Illuminations #153, Adar 5778, Parshat Vayakhel – Pekudai

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Illuminations #153, Adar 5778, Parshat Vayakhel – Pekudai

Torah Gems

From Moshe’s presence they took the entire gift that the Children of Israel had brought for the work for the labor of the Sanctuary, to do it. But they continued to bring him free-willed gifts morning after morning. … They said to Moshe as follows, “The people are bringing more than enough for the labor of the work that Hashem has commanded to perform.” …And the people were restrained from bringing, but the work had been enough for the labor of all the work to do it, and there was extra. (36:1-7)

One might be lead to believe that Moshe was the most successful fundraiser of all time. It’s an odd characterization for our all-time spiritual guide. In the end there were more donations than necessary. Imagine that! How often does that happen? Many would love to know his secret. How did Moshe do it?

We should not forget that the task was complicated by the requirement that the materials and the monies to be collected had to given for Hashem’s sake alone and no other ulterior motivation, as the verse states, “And you should take for Me Terumah!” (Mishpatim 25:2)

Rashi comments, for Me: For My sake! That profound caveat should make the fundraiser’s job that much more difficult if not impossible! It’s an awful handicap to burden a fundraiser with! However, ultimately not only was it not an impediment, it may even have been a help! How can we understand that to be so?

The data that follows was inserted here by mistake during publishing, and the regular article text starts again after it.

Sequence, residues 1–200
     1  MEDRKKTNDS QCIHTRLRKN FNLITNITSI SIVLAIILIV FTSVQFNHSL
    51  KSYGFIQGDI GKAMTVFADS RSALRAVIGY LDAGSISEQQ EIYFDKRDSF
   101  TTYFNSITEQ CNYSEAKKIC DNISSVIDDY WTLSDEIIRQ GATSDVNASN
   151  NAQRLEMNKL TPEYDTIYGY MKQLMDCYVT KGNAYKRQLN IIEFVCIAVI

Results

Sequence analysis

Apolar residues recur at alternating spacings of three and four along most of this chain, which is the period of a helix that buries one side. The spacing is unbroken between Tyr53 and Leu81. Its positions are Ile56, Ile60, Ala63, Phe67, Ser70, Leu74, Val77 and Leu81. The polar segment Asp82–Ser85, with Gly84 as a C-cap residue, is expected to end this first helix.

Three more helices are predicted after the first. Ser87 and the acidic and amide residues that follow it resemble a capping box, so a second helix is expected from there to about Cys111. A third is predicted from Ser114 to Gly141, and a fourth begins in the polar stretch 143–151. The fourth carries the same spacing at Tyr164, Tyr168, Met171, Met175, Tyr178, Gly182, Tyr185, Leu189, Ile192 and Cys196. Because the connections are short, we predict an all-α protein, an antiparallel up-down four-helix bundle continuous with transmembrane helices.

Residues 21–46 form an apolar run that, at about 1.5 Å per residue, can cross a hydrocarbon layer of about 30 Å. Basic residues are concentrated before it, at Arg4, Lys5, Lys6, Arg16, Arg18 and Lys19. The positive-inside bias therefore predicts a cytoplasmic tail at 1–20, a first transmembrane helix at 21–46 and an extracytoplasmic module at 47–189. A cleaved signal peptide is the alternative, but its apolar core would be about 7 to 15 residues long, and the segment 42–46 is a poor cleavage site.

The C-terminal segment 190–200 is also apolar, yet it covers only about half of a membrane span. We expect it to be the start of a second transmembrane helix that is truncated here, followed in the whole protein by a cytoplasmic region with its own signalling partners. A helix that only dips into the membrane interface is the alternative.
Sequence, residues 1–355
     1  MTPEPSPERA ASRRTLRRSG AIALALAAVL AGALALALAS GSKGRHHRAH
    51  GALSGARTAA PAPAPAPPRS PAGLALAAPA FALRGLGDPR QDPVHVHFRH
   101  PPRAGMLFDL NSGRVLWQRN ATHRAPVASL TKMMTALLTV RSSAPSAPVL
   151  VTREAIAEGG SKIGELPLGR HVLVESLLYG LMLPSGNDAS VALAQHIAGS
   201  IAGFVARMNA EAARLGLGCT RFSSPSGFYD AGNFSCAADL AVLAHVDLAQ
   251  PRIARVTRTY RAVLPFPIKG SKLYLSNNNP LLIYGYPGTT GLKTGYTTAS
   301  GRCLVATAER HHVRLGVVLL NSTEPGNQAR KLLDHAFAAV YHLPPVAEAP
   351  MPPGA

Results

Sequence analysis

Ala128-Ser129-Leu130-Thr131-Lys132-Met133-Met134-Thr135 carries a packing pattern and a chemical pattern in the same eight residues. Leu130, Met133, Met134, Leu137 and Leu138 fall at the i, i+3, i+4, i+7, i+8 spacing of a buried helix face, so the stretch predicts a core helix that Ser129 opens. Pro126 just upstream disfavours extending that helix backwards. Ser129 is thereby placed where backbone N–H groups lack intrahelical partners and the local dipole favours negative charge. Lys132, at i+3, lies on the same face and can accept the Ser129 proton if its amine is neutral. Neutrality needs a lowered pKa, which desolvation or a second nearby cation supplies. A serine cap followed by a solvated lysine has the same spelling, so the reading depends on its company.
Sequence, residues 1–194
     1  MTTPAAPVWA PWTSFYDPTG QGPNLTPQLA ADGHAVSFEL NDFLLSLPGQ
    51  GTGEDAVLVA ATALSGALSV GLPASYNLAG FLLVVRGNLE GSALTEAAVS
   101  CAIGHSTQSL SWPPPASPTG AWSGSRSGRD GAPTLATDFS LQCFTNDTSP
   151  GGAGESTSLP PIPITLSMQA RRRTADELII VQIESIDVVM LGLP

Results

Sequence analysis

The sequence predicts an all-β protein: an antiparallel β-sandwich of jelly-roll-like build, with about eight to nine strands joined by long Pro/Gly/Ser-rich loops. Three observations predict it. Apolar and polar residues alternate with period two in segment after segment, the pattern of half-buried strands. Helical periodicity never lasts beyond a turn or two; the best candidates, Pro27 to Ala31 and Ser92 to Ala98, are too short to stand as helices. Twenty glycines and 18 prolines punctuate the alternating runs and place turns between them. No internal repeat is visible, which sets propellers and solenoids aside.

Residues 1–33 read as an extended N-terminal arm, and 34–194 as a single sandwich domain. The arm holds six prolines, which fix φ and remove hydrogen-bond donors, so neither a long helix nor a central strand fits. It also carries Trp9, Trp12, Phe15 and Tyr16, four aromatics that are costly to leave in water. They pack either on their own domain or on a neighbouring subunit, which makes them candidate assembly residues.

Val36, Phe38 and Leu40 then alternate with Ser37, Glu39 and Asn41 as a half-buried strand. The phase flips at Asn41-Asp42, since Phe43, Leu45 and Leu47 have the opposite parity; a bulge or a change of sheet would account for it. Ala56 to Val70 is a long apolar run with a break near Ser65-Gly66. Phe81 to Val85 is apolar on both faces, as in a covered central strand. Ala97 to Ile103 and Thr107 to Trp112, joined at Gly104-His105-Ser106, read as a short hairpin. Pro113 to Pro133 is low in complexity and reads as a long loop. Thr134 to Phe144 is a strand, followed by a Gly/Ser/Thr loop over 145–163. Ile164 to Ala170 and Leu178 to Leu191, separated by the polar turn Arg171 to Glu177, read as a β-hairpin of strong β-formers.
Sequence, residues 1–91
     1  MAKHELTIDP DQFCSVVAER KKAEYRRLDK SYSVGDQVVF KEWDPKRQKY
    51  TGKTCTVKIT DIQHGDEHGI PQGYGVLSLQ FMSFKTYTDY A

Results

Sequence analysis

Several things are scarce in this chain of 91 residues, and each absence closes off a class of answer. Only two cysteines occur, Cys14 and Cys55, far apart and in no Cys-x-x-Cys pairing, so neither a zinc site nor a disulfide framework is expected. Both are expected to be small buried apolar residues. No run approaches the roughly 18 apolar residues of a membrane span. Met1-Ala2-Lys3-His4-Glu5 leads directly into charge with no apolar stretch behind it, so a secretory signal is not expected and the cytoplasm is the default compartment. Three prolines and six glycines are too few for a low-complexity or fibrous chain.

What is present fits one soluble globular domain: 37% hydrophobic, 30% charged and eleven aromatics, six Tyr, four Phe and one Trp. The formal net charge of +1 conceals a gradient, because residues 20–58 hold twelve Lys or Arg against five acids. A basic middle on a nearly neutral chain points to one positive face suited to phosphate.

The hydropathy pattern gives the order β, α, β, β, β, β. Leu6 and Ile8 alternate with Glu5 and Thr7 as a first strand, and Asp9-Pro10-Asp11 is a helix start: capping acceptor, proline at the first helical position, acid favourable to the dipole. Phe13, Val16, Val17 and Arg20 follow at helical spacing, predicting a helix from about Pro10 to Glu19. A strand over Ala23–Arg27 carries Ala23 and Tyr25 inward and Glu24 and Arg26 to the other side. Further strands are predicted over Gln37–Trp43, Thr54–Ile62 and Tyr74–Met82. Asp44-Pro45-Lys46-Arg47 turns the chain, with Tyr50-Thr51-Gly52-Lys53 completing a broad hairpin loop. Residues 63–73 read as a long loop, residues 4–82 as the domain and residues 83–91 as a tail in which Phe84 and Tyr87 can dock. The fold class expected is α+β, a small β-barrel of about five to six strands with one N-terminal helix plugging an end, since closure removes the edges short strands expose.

There is a story about Rav Aaron Kotler, ztl. Once, at a parlor meeting where a select group of Torah supporters were gathered to raise funds for the Yeshiva, a speaker outlined all the benefits that would accrue to Klal Yisrael from Lakewood Yeshiva in terms of providing teachers of Torah, etc. for future generations. The Rosh HaYeshiva, however, was uneasy about what was being spoken. He stood up and said, “Gentlemen, I fear I am being guilty of deception. Yes, our Yeshiva will, with Hashem’s help, produce heads of Yeshivas and Rabbis and teachers, but I want you to know that the main aim of the Yeshiva is the learning of Torah lishma – learning Torah for learning’s sake only, without thinking of career or profession, and it is for that purpose that I am asking for your support!”

The Torah writes, “All generous hearts they should bring Terumah” Offerings to Hashem! (35:5) Rav Shmuel Rozovsky reads the verse: “They should bring …their generous hearts with the Terumah for Hashem. So the main building of the Mishkan was from the generous hearts!” My guess is that Moshe used few gimmicks to raise funds. First he lifted aspirations and that lead to the flow of goods. From the strength of his own clear-minded conviction he was not so much a classic fundraiser as an elevator of spirits. The Sanctuary was built from pure intentions. There are no alchemist’s tricks needed to make gold from hearts of gold.

Parsha Pearls

Moshe had asked the people to contribute to the construction of the Mishkan. The people were so generous that more contributions than were needed came in. Moshe then told the people that there was enough to finish the construction and more contributions were not needed.